Definition of manakin in English:



  • A small brightly coloured tropical American bird with a large head and small bill.

    Family Pipridae (or Cotingidae, Tyrannidae): several genera and many species

    • ‘Adult male manakins are more sedentary than females and young males and may not disperse seeds as widely as females and young males.’
    • ‘An interesting analogy may occur in some manakins in which males are smaller than females.’
    • ‘The film captures monkeys in the Nariva wetlands, golden tree frogs housed in bromeliad plants and blue-backed manakins in Tobago.’
    • ‘Pairs of male lance-tailed manakins perform complex dances of ‘leapfrog’ stunts and flight displays to woo interested females.’
    • ‘Each time the manakin produced a loud, clear tone that sounded as if it came from a violin.’
    • ‘Other species, such as thrushes and manakins, usually regurgitate the largest seeds they ingest.’
    • ‘The noise-making skill of manakins first came to the attention of naturalists in the 1800's.’
    • ‘Also, many manakins have delayed plumage maturation.’
    • ‘Male golden-collared manakins clear leaf litter from the ground to form courts, which they then use as arenas for intense courtship displays.’
    • ‘Like many other manakins, adult males develop a brilliant and conspicuous plumage, establish an arena, and display to females.’
    • ‘But rather than hovering for a drink, manakins generate finger-snap clicks to entice females.’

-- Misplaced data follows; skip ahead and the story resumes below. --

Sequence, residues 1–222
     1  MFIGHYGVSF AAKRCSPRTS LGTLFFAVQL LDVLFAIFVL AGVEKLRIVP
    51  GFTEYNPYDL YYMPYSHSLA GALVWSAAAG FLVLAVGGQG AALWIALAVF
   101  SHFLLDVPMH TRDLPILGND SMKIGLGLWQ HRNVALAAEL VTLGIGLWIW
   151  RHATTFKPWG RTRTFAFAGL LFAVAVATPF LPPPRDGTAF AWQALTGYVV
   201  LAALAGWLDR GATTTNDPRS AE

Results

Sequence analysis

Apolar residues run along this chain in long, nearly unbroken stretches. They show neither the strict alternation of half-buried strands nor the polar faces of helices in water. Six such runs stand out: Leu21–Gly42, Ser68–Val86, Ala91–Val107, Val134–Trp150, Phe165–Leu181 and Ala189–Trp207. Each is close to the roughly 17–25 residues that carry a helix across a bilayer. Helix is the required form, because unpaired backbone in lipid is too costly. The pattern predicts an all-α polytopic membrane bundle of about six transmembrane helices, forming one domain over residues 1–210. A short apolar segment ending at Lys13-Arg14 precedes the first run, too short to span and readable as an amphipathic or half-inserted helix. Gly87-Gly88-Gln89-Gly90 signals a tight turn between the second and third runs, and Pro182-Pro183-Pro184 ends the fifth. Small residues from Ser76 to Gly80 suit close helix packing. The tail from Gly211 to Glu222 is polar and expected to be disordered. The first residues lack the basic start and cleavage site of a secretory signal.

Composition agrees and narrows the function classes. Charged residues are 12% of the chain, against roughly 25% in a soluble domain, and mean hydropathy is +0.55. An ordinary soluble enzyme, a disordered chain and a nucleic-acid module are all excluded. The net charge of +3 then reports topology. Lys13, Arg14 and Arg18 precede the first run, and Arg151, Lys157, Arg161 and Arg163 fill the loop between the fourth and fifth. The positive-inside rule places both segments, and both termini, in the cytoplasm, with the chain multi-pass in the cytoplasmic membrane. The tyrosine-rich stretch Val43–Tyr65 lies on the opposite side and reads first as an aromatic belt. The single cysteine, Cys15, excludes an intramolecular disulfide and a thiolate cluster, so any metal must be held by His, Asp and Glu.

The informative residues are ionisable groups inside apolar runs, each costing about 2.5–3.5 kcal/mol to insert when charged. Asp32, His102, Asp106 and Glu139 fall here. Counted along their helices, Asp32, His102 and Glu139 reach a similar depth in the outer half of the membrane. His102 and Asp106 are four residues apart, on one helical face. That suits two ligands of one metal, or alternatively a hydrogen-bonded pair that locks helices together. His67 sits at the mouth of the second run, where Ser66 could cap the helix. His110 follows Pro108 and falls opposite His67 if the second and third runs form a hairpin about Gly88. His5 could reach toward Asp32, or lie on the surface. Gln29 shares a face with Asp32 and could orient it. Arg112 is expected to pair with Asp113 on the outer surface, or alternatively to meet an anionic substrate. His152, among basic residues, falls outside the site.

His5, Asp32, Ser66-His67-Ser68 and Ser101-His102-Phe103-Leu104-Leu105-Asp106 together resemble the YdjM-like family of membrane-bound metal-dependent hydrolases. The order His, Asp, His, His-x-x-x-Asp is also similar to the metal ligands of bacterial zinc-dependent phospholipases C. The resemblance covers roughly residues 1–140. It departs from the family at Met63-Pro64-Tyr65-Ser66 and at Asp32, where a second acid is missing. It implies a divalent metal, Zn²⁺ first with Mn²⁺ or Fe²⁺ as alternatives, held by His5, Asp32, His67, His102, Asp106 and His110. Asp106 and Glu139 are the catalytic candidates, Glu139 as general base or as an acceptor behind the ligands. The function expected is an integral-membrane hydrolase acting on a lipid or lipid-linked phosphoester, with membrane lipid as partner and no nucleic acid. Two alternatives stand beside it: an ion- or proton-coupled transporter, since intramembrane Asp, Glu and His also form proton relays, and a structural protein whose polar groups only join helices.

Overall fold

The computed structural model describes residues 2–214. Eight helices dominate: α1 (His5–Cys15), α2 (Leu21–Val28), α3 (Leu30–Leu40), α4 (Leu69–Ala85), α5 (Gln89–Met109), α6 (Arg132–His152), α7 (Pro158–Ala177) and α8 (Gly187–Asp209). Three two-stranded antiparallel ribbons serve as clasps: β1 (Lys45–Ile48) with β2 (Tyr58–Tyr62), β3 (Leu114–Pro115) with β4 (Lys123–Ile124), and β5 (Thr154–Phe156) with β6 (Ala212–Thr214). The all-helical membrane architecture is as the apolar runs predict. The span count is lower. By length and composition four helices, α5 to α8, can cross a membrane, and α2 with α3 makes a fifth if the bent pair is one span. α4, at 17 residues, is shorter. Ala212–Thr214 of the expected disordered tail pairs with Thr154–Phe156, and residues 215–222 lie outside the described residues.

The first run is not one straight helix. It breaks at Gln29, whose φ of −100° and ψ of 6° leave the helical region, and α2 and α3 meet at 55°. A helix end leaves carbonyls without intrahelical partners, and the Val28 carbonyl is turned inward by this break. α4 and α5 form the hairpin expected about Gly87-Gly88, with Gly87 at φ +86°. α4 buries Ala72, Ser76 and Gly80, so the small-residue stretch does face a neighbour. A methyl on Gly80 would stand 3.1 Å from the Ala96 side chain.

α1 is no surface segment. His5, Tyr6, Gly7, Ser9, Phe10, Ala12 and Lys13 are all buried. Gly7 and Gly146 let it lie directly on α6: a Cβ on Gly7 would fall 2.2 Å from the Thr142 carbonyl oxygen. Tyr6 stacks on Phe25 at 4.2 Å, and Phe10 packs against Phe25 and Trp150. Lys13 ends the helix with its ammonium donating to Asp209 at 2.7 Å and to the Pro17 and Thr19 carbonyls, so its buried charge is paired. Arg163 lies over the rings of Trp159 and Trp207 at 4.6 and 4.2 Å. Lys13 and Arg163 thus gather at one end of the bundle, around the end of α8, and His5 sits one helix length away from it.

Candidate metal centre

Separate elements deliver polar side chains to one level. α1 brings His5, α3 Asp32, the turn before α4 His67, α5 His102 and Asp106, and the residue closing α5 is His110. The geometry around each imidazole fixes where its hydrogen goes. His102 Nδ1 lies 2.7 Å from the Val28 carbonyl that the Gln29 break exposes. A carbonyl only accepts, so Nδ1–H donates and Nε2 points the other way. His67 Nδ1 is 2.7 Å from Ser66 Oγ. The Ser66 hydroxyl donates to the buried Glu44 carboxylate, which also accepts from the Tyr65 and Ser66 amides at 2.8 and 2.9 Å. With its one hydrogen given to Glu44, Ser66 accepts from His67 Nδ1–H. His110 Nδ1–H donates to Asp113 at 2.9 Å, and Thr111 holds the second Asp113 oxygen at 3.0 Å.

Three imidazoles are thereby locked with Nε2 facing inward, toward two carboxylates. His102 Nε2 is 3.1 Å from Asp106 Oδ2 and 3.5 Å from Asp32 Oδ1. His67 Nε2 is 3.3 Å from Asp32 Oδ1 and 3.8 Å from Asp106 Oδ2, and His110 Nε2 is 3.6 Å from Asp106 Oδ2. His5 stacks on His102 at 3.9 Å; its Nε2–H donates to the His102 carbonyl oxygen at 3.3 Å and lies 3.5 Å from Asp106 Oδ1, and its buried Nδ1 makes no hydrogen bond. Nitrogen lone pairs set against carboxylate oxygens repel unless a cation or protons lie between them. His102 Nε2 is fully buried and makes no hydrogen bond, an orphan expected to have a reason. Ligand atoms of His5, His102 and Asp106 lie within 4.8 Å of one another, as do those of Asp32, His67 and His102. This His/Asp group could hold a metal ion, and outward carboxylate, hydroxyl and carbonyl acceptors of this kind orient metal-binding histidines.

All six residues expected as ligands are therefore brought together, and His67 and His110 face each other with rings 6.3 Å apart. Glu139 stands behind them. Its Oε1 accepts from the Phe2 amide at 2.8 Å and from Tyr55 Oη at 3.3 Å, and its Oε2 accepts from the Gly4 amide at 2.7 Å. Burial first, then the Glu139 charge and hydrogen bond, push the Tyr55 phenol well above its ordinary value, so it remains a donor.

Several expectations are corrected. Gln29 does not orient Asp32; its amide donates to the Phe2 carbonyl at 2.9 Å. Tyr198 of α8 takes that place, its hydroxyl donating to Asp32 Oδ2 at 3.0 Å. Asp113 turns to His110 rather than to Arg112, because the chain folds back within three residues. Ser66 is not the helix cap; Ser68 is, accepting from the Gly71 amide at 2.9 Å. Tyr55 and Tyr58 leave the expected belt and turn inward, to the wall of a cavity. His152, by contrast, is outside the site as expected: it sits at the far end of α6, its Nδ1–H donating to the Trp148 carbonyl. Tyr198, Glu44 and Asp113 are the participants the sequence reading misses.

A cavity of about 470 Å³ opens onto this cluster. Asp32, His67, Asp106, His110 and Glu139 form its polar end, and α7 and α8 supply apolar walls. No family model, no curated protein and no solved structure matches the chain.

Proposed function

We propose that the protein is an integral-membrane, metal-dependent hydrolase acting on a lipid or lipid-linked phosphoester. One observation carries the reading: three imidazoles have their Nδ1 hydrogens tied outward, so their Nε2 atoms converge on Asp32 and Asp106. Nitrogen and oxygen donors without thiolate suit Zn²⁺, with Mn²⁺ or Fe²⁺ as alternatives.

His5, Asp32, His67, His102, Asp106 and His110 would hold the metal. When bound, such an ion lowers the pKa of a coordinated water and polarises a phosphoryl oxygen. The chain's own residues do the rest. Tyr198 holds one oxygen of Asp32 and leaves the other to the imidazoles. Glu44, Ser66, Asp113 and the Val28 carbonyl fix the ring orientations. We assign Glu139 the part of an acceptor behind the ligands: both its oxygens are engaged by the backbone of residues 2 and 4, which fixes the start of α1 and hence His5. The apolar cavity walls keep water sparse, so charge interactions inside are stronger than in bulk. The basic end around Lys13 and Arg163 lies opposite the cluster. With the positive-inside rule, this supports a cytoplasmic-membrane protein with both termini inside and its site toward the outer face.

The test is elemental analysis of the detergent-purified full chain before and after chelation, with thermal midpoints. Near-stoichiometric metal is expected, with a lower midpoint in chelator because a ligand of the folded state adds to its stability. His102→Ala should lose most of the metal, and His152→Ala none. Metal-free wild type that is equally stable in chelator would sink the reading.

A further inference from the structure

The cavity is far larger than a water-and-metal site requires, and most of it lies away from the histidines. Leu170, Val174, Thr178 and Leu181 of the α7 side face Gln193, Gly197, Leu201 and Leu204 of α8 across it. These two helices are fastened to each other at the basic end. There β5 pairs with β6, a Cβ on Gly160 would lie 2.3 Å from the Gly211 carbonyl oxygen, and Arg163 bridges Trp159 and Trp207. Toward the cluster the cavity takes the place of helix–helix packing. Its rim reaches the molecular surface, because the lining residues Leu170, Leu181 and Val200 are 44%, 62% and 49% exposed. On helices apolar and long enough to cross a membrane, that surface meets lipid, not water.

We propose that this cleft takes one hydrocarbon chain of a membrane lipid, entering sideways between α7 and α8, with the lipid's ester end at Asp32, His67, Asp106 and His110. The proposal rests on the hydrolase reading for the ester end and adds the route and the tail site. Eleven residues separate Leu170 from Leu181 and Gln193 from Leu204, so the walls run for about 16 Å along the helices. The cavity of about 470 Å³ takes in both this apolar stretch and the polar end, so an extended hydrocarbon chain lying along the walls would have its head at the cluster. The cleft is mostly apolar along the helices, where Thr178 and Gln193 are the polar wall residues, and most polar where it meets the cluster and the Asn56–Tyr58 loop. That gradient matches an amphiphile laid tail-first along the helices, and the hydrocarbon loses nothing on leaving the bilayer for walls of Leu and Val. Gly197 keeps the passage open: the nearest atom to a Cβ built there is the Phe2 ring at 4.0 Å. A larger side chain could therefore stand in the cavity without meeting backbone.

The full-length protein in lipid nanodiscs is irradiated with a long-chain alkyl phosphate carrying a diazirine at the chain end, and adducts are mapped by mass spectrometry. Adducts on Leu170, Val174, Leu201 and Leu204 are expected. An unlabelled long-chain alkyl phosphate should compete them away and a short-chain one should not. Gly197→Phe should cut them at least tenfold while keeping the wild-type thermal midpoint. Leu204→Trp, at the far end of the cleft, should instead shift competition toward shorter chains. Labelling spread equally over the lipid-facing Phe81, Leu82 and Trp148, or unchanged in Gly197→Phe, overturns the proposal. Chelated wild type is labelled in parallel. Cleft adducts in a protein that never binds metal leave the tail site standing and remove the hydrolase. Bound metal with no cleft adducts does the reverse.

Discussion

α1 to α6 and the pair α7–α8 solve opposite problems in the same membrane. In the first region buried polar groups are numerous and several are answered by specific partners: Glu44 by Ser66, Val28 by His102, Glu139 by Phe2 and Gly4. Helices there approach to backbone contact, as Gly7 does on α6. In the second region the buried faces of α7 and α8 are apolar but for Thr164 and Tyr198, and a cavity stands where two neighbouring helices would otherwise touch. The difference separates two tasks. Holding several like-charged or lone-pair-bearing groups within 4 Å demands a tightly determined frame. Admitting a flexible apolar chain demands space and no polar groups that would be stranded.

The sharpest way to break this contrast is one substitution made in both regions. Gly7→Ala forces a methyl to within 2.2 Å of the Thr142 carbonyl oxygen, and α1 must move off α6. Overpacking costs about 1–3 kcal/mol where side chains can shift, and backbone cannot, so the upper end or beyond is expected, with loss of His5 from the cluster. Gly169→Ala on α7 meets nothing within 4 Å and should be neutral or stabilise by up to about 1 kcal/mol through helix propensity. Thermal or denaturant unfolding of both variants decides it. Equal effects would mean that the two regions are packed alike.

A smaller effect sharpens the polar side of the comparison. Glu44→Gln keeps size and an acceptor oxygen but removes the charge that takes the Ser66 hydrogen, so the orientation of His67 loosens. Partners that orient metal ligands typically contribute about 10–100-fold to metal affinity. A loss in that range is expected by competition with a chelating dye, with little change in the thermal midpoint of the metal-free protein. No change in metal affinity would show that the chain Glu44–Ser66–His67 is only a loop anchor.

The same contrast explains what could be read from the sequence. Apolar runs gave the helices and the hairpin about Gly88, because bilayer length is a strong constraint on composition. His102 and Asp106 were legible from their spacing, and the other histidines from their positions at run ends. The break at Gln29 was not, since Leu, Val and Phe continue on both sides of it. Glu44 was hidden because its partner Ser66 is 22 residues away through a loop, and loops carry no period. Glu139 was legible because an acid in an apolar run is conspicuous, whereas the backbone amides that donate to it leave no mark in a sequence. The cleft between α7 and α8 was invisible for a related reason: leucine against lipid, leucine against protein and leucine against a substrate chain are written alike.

• ‘Males of over half of the species of manakins produce startling sounds with their wings during courtship displays.’
    • ‘The most unusual plumage and wing modifications among the 40 or so species of manakins belong to the club-winged manakin, Bostwick told the group.’
    • ‘Watch for manakins, trogons, hawks, and other forest species.’
    • ‘Levey found that smaller seed size resulted in an increase in number of fruits that could be eaten by manakins, which mainly swallow fruit whole.’
    • ‘Instead of fighting over females, pairs of male lance-tailed manakins team up to court prospective mates.’
    • ‘Thus, both manakins and plants profit from the interaction.’
    • ‘Ironically, a road-paving team spotted the golden-crowned manakin in the heart of the rain forest of Brazil.’
    • ‘The manakins vibrate their wings at more than 100 cycles per second, twice the speed of hummingbirds.’
    • ‘Restricted foraging time due to inclement weather and the resultant decrease in food intake is believed to influence hypothermia in manakins and may induce torpor in hummingbirds.’


Early 17th century: variant of manikin.